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Monday, 16 October 2006


Kenneth J. Smith, MD, MSc and Mark S. Roberts, MD, MPP. University of Pittsburgh, Pittsburgh, PA

Purpose: Quality of life utilities for health states associated with pelvic inflammatory disease (PID) have not been directly measured, but could have important implications on the cost-effectiveness of interventions to prevent and manage this disease.

Methods: Using Impact 3.0, we obtained, in women with and without a history of PID, visual analogue scale (VAS) and time-tradeoff (TTO) valuations for PID associated health states: ambulatory PID treatment, hospital PID treatment, ectopic pregnancy, chronic pelvic pain, and infertility. Subjects read brief scenarios describing the medical, functional, and social activity effects typically associated with each state, then gave valuations in the order above.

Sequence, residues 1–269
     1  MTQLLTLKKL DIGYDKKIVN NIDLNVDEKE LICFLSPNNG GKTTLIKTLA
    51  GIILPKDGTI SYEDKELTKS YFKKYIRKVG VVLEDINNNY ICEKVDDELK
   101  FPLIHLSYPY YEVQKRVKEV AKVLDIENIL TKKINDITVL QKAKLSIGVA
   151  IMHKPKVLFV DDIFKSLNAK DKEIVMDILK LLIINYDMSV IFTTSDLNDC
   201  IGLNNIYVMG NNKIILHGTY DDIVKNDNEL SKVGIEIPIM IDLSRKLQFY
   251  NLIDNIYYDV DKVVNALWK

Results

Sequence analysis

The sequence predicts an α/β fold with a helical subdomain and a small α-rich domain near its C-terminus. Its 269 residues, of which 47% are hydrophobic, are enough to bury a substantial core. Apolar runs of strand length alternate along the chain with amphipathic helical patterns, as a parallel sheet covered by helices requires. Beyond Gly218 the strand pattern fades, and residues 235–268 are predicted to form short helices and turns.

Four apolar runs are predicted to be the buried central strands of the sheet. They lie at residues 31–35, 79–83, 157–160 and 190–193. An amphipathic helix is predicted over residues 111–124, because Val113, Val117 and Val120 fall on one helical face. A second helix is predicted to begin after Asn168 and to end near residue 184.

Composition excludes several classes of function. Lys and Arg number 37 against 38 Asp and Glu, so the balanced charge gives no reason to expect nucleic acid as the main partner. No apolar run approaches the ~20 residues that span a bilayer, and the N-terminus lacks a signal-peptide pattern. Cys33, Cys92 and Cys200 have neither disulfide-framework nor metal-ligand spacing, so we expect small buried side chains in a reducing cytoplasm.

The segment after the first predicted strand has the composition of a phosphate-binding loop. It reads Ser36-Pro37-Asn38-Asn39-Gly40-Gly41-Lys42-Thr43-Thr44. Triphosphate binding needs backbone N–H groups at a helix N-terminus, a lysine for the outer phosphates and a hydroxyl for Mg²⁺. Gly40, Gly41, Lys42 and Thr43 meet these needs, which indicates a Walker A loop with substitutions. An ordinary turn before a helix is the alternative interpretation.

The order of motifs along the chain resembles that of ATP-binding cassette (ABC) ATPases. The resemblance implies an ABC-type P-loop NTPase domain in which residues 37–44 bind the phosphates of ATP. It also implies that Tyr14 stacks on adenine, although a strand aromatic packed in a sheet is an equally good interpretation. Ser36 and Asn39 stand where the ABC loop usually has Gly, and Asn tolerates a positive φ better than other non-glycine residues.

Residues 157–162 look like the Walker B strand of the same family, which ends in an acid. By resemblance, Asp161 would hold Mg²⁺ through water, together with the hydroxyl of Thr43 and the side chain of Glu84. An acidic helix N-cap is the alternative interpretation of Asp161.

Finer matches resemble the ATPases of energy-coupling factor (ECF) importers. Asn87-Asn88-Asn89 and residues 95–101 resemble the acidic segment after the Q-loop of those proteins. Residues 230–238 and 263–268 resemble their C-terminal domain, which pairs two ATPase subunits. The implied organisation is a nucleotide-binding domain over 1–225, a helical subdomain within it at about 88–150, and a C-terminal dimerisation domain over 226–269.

Results: We obtained data from 55 women with and 150 women without a PID history. PID history subjects were older (31.6 vs. 27.2) and more frequently nonwhite (76.4% vs. 52.7%). Mean utilities were similar in women with and without a history of PID for ambulatory treatment (VAS 0.71 vs. 0.69, TTO 0.89 vs. 0.87) and hospital treatment (VAS 0.62 vs. 0.60, TTO 0.82 vs. 0.84). The PID history group had significantly lower scores (p<0.05) in VAS for ectopic pregnancy (0.56 vs. 0.63), pelvic pain (0.45 vs. 0.53), and infertility (0.52 vs. 0.66) but not for TTO, although similar magnitude of differences between groups was observed. Significant VAS differences remained when controlling for age, race, and desired fertility.

Conclusion: PID has substantial impact on utility, with some PID-related health states preferred less by women who have experienced PID, which could have some impact on societal- vs. patient-perspective analyses of PID interventions.

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